Who Says Quack by Justin Teerlink

The Adventure Journal of Theodore Roosevelt
(Bound in panda-bear leather)
February 12th, 1911

     Since our guide has no command of the English language, we were left to puzzle over the meaning of his. Normally, languages are not my field, and I could feel my impatience rising like a bubble of indigestion in my rotund belly. But we all strained our ears and I checked my temper, for what our guide was hitherto attempting to communicate was the very name of our enigmatic quarry.
     “Seesitch,” he said.
     “Seasick?” I tried.
     “Seeeesaquik,” he enunciated.
     “Sneezelick?” said Kermit.
     “Sesqak! Sesqqak!”
     “I hear you, man,” I said. “Sasquatch!” He shook his head as though he thought my son and I were both low-grade morons.Continue reading →

Written Off by Rich Furman

Fog demands faith you typically do not possess. Peering over you the tops of your knuckles; you have perhaps ten feet visibility, which means those random hands and eyes you cannot know possess the same potential, and determine you as much as your own skill or volition.

What is this, clouds upon the earth? Earth revolving toward the atmosphere, forever spinning and seeking? It is always about where you stand, and the direction you cast a given sense.

But driving east on Pioneer Parkway, liminal between Tacoma, Puyallup and Weller, the volcano creeps upon you. You resist giving into another fog, this milky ghost of despair. Feel it. Take it in, but do not let it consume you as if you were an arid slice of airline coffee cake and a careless cup of burned coffee.

Breathe it all as you drive east, the direction she soon, your daughter, will leave to, and in all likelihood, never return. Breathe in the years. It has already begun. It is not enough that she will be airborne; you need to know the vessel. You search her flight.Continue reading →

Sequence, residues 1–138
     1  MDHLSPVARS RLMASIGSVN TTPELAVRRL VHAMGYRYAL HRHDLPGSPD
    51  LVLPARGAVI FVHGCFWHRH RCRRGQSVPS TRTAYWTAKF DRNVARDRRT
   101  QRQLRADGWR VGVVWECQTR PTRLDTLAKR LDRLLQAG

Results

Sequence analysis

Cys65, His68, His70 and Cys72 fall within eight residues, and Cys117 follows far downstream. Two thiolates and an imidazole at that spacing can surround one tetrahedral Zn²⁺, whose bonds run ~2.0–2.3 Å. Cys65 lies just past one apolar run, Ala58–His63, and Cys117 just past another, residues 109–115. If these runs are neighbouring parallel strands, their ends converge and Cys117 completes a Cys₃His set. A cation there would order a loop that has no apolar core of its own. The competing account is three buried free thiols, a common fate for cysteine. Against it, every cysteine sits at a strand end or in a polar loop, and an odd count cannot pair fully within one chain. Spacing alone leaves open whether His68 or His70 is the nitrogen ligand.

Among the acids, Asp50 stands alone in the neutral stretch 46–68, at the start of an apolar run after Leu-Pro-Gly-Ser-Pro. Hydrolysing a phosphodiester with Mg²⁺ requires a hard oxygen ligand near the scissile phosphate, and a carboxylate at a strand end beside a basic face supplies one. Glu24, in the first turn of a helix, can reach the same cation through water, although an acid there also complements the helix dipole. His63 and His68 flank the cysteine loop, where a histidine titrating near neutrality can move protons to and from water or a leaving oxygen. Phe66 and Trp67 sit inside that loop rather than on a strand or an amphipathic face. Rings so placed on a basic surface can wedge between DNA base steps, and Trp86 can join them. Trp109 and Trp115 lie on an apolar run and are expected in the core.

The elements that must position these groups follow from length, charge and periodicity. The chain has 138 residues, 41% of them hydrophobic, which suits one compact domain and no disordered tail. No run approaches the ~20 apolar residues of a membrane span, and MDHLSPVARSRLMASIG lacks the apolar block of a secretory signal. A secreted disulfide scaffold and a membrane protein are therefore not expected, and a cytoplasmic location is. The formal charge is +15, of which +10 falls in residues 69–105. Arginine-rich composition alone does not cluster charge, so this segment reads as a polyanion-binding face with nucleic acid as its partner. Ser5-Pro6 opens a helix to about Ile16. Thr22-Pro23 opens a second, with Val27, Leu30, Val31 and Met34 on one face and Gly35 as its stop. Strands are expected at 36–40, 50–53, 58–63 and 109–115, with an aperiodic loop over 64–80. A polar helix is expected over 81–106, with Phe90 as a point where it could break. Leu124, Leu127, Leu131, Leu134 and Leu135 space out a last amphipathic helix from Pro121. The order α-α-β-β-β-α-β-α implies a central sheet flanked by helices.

Late Spring Barbecue by Erik Carlsen

Don’t use that kind of language
When the pig is on the spit

Did you see that ember
Clocking across the whole yard
Landing next to the mole on her arm
Exposed between slits in her fashionable dress

Who does he pretend he is with when she is getting ready
That man standing next to her
With his hair around his shoulders
Like he has no other optionContinue reading →

On the Train to Chicago by Alec Clayton

     I was eighteen and thought I was a man. What eighteen-year-old doesn’t? I had joined the Navy Reserve and was headed to Chicago for boot camp at Great Lakes Training Center on a train from New Orleans. Just a country boy from Podunk, Mississippi, I had never been on a train. I’d never even been out of Mississippi except for a couple of fishing trips with my old man, one to Louisiana and one to Florida.
     I ordered pancakes for breakfast, not knowing if breakfast was included with the ticket—provided by good old Uncle Sam—or if I’d have to pay. I didn’t want to ask for fear of seeming gauche. A surly waiter plopped down a plate with two pancakes on it—no butter, no syrup. I didn’t want to ask for butter and syrup for the same reason I hadn’t asked if breakfast was included in the ticket price. Maybe people who rode trains ate their pancakes dry. Maybe only country folk from Podunk poured syrup over them, so I choked them down as best I could.
     To say I was not exactly worldly would be an understatement. I was a bumpkin—but not as much of a bumpkin as Randy, the sailor from Pelahatchie I met at the station. I don’t think he’d ever been away from his daddy’s peanut farm. He was tall and gangly with dry hair and buck teeth. I thought he looked like Li’l Abner. He sounded like he was shouting through a megaphone whenever he spoke.Continue reading →

VanCity Blues by Lory French

     I swatted his hand away when he pointed at the woman’s purple bra. I didn’t mean to hurt him but I forgot, in my haste, that I had a pen in my hand.
     “Fuck!” Dave screamed loudly. “That stabbed me right between my fingers! What the fuck, Olivia?”
     Several shocked Canadian heads swiveled toward us, expressions varying from confusion to disapproval. Among them was the curly blonde lady with the purple bra peeking over her sweater’s neckline. She colored, definitely noticing us now, and tugged her shoulders to fully cover her cleavage.
     “I’m sorry,” I hissed, “but you were pointing!”
     “That really hurt, Olivia.”
     “I said I was sorry. But you were being really rude. Here. They don’t even know what to do with that. And now they KNOW we’re Americans. We were blending before.”Continue reading →